Strasbourg: The European Union pushed ahead with its regulatory crackdown on Tuesday, giving the green light to curbs on trading of the sovereign-debt related derivatives that sit at the heart of the euro zone crisis.
The bloc’s financial services chief Michel Barnier also unveiled a measure to inject competition into the credit ratings sector, a move that was met by stiff criticism from one key sector player.
After opposition from countries like Britain, however, Barnier withdrew a provision from the draft law that would have introduced temporary “blackouts” on ratings of countries when bailouts are being organised for them.
Many EU policymakers are keen for tougher rules for the sector, saying a ratings downgrade of Greek sovereign debt last year made it more expensive and harder to mount the country’s first bailout package.
“I proposed a postponement on this to go further into the technical detail. We have some time to look at possible arrangements as to which the European Securities and Markets Authority could intervene in this way,” Barnier told a news conference.
The sector is dominated by three players; Standard & Poor’s , Moody’s and Fitch Ratings, and Barnier wants more competition.
The accidental downgrade last week by S&P of France’s banking industry will also reinforce the EU’s determination to regulate agencies more closely.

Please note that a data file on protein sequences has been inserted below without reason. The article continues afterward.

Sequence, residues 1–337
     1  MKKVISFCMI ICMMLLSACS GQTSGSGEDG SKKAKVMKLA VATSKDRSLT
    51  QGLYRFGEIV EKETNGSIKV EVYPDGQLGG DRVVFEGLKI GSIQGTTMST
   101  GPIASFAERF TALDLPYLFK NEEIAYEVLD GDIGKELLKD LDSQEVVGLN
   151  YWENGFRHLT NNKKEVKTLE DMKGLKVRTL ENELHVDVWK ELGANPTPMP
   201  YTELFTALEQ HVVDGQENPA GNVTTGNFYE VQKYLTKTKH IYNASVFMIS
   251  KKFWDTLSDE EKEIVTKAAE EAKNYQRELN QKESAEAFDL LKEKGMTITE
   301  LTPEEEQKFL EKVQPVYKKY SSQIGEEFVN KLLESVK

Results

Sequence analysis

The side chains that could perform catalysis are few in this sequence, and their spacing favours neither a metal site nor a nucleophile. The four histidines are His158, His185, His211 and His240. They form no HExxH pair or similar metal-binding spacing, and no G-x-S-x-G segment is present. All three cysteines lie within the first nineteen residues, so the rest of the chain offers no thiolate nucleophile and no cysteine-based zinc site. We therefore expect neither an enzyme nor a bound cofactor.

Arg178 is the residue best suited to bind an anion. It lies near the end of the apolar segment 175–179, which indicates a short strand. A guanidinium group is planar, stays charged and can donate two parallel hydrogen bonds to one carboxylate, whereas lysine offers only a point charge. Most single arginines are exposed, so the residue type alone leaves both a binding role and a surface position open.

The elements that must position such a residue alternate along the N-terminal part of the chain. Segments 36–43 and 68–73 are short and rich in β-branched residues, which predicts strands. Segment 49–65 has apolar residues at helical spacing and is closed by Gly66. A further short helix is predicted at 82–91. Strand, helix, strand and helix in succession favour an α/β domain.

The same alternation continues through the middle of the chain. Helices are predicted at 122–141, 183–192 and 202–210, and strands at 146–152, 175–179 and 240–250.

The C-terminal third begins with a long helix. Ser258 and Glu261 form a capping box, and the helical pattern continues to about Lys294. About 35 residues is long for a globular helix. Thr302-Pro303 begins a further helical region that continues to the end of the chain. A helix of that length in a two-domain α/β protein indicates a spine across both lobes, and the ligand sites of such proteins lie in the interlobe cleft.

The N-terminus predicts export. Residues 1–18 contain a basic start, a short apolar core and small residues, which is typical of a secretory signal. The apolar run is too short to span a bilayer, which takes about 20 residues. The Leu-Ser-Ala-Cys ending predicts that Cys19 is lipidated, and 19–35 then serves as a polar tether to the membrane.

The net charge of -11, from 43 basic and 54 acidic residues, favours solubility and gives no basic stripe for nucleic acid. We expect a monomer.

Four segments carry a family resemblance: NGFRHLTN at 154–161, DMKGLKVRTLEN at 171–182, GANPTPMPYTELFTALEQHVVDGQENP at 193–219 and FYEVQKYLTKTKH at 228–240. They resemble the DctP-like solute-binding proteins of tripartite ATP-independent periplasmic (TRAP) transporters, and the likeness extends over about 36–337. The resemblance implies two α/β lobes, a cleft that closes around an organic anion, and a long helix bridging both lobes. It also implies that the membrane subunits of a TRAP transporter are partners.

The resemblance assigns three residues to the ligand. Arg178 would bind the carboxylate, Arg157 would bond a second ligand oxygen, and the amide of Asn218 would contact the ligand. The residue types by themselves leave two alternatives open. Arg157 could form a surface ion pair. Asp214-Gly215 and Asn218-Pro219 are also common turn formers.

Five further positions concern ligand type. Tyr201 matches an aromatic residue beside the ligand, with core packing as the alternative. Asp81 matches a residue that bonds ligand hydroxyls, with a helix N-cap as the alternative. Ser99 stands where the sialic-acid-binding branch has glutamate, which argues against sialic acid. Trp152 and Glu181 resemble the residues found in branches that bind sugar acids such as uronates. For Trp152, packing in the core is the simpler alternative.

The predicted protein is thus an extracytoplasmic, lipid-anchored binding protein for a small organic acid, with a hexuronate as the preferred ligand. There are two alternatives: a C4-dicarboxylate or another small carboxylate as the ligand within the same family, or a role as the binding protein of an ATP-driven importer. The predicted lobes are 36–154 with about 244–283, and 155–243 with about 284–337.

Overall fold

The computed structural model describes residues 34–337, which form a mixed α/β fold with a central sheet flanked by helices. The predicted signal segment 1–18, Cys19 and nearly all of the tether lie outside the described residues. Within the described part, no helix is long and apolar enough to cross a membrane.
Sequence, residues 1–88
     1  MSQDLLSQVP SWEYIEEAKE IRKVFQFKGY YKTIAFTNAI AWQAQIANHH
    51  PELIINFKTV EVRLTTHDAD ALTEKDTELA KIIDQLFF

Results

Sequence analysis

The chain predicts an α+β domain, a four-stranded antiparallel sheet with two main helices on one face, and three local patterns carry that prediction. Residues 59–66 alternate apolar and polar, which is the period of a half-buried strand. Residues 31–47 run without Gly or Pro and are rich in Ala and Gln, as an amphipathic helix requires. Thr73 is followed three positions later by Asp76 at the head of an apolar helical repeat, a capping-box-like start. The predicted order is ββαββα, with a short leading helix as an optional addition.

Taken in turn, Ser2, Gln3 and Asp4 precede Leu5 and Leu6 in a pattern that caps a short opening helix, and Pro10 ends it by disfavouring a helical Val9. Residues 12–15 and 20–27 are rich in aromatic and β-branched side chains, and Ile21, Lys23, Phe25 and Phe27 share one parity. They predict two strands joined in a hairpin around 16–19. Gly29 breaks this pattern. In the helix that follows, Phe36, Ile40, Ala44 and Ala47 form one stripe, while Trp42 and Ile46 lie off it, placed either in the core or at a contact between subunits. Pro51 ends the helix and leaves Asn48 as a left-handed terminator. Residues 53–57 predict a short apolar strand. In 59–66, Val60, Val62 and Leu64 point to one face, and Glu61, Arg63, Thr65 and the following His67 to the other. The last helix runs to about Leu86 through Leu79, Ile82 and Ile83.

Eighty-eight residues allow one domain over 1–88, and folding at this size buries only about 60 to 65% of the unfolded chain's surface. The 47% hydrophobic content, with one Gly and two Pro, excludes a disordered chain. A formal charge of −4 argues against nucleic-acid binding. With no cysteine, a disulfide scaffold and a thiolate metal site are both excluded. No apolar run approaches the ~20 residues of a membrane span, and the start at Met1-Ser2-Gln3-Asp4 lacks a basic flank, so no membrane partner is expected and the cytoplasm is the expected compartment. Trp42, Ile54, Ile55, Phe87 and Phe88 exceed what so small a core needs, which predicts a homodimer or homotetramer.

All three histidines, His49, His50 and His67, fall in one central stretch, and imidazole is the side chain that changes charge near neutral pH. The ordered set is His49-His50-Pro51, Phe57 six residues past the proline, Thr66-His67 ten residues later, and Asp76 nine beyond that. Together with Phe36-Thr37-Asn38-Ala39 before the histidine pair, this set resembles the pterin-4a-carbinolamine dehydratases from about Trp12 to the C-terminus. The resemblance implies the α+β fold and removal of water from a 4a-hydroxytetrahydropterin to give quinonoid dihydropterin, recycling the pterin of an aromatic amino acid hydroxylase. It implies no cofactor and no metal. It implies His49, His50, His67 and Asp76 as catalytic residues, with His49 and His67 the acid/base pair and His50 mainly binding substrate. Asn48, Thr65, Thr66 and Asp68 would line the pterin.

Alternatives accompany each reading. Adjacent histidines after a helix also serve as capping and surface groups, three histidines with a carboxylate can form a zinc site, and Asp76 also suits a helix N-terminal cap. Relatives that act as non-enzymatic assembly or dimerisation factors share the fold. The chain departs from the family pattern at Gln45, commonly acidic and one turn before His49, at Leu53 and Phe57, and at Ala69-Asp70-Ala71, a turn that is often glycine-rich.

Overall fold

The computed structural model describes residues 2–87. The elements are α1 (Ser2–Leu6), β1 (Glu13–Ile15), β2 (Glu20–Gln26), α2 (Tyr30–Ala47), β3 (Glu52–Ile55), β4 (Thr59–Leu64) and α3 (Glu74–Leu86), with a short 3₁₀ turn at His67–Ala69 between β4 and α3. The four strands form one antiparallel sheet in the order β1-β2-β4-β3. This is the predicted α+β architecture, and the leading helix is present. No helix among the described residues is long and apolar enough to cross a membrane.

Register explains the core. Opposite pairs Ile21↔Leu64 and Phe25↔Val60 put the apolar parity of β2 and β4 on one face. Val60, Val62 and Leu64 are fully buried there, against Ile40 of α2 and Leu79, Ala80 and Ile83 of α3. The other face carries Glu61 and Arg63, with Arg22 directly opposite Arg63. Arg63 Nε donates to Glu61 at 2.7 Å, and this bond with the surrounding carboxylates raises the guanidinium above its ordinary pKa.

S&P said on Tuesday the new rules are out of step with other regulatory regimes and will damage ratings as a globally consistent benchmark of creditworthiness.
“It will leave investors worldwide with fewer, lower quality and less independent ratings on European debt,” S&P said.
EU states and the European Parliament, which is meeting in Strasbourg this week, will have the final say on the measure, with some changes likely.
The parliament on Tuesday voted by 507 to 25 in favour of an EU law that restricted “naked” or uncovered short selling of shares and sovereign debt -- where the short seller has made no prior arrangements to borrow the security.
EU states have already given the nod to the law, which was jointly agreed with parliament and is due to take effect within a year.
It also bans naked sovereign credit default swaps (CDS), where the swapper does not have ownership of the underlying government debt the CDS contract “insures” against default.
The new rules do allow purchases of naked sovereign CDS where the buyer owns a “proxy”, such as a stake in an Italian bank. An EU state can lift the ban for up to 18 months if its government debt market is not working properly because of it.
Policymakers want to crack down on what they see as speculation by hedge funds and others betting on falls in euro zone bond prices.
“This rule will make it impossible to buy CDS for the sole purpose of speculating on a country’s default,” French Green Party member Pascal Canfin said.
Hedge funds are accused of using sovereign CDS to bet on falling euro zone debt prices, but they say the market is too small to influence the much larger debt market and that the main problem is euro zone debt piles frightening investors.
The draft law on ratings agencies is the EU’s third measure to regulate the industry since the financial crisis began in 2007.
It will seek to inject more competition by requiring users of ratings, such as companies and banks, to “rotate” or switch agencies on a regular basis so that some of the 10 or so smaller agencies registered in Europe, such as Euler Hermes, can pick up more business.